But if these 72% of people are giving it any thought at all, they are acknowledging this God to be more powerful than anything else on Earth. This means they likely believe they should be doing something in connection to God; talking to Him, offering their first child as a sacrifice, giving Him money, etc. However skewed their views might be, some response would be necessary, right?

But they aren't. Why not? I'm just guessing here, but perhaps it's because the same 72% of non-church attenders believe the church is full of hypocrites. Think about this. If you were searching for a solution to the problem of what to do with God and you saw a bunch of other people who said they believed in God, said there were certain things they believed God wanted from them, then chose NOT to do those things...would you want to join them? Would you have any impulse whatsoever that what they were doing would benefit you?

It's like this. Say you were searching for methods to be more physically fit and healthy. Perhaps you found out there were other people also seeking to be physically fit. Maybe you hear about this place where they go. You hear about the habits they say are necessary to achieve physical fitness.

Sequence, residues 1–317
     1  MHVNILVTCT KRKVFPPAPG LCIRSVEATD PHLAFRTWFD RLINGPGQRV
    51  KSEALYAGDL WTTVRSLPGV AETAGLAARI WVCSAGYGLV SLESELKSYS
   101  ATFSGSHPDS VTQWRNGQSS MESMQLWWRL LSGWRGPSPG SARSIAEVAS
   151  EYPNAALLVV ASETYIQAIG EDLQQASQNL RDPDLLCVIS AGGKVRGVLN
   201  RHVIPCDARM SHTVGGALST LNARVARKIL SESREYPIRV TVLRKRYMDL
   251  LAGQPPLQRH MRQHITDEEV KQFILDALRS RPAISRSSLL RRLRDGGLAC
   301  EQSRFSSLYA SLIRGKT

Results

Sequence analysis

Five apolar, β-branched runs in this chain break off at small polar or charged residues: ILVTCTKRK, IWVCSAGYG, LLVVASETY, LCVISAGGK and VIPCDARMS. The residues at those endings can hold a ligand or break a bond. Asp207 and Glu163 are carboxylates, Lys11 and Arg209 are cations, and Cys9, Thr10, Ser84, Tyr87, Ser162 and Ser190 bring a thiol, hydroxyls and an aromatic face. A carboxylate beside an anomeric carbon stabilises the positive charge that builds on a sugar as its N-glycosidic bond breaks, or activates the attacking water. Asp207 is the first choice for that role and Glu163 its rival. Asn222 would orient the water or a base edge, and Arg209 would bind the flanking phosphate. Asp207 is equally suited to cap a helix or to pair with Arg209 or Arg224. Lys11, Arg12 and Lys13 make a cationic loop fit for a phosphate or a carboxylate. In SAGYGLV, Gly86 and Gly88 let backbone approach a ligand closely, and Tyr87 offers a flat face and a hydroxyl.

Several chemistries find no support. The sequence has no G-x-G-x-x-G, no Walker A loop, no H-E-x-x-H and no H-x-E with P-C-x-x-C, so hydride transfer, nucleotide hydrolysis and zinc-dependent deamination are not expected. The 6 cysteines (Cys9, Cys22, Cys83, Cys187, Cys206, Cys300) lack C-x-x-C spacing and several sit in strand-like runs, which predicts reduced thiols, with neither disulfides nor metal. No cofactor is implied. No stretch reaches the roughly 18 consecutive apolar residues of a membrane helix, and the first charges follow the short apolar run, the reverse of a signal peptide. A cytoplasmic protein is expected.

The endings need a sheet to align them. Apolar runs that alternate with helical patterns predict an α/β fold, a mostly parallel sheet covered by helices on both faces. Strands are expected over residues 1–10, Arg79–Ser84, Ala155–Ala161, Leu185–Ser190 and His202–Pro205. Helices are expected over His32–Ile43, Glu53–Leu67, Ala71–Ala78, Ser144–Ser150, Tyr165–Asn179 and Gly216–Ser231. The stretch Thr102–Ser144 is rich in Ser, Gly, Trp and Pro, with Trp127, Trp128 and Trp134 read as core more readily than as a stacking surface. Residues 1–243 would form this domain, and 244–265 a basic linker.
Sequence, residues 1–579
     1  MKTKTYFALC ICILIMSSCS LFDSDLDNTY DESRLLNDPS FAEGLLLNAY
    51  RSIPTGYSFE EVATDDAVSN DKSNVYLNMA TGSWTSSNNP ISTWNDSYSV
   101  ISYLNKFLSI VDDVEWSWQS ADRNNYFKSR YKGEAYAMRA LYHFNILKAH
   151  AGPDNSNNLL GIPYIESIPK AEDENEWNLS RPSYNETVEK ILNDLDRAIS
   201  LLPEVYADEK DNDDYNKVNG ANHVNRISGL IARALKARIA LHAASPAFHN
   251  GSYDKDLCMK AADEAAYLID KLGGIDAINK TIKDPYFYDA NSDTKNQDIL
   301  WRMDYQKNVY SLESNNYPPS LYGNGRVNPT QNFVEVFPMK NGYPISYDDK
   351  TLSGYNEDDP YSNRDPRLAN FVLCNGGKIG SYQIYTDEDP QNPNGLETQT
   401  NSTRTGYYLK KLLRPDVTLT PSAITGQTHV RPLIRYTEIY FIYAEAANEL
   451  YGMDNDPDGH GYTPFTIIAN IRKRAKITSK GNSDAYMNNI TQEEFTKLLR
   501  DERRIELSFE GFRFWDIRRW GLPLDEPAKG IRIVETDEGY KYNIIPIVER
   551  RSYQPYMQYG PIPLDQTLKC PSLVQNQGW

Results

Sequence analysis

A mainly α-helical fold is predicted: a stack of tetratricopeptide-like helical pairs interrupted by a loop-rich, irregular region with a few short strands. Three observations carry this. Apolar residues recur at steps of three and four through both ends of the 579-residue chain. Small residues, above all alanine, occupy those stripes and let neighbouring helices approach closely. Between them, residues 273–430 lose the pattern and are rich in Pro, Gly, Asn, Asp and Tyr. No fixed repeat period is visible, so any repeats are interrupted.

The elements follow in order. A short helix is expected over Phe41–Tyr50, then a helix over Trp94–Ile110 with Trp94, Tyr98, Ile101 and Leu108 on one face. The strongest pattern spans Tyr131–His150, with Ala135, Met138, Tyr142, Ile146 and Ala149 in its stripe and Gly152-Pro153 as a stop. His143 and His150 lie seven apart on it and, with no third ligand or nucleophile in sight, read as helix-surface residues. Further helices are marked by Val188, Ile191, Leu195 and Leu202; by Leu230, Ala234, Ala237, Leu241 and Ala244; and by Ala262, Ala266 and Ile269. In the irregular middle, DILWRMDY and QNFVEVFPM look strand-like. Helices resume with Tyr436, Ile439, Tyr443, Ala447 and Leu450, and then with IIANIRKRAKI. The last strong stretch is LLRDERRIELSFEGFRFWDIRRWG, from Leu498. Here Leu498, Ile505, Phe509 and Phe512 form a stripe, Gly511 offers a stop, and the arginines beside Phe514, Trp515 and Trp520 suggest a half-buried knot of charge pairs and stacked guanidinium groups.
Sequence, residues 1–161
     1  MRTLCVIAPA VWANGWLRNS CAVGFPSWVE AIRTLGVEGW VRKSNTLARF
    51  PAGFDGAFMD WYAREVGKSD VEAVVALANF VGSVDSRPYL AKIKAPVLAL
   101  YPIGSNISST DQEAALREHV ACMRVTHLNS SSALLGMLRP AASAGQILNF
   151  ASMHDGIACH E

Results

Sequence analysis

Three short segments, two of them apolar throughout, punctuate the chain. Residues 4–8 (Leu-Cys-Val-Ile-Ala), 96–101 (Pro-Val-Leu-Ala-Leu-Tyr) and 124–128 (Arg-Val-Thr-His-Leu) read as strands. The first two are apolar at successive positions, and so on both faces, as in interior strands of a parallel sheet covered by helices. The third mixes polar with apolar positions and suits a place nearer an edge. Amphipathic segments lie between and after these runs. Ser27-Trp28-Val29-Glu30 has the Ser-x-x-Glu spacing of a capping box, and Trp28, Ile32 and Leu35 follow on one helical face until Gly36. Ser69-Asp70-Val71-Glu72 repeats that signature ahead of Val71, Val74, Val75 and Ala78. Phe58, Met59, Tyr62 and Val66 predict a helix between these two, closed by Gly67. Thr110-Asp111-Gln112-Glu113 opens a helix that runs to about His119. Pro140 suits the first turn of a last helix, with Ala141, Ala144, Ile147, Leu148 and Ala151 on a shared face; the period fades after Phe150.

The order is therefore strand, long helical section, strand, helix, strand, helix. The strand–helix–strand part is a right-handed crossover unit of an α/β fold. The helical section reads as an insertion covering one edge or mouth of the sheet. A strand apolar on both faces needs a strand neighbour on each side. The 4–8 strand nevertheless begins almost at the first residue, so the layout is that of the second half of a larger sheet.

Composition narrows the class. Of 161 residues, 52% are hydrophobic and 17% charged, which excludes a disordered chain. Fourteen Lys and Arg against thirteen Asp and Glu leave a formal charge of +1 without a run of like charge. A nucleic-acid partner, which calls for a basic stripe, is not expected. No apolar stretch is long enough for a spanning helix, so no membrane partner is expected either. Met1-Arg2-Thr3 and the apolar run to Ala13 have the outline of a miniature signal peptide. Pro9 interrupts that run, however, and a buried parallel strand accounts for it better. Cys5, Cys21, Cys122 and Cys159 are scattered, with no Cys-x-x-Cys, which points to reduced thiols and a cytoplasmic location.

Then you visit their gym. All around you are people who look no different than you, most of them eating candy bars and not actually exercising. Are you going back? Are you joining them?

We say we want to see people come to know the love of Jesus. Maybe we need to be showing the love of Jesus.


Wednesday, February 18, 2015

Is This Your Chance to Shine?

Here's a quick recap if you're just tuning in this week. You have a bunch of people acting as if they're drunk who aren't drunk and a spokesperson explaining it as Jesus. Then you have a crowd asking what should be done about this.

This begs the question of what you might do if you had the attention of a crowd and they were asking for your opinion. Now may be your one shot, your 15 minutes of fame. This opportunity set before you is golden, where you just might be able to get even half these people to listen to your advice.

If there's anything you want, now is your time to mention it. So what would you say?

If you are Peter in Acts 2, you are quick to focus again on Jesus. He’s kind of predictable like that!

38 Peter replied, “Repent and be baptized, every one of you, in the name of Jesus Christ for the forgiveness of your sins. And you will receive the gift of the Holy Spirit. 39 The promise is for you and your children and for all who are far off—for all whom the Lord our God will call.” ~Acts 2:38-39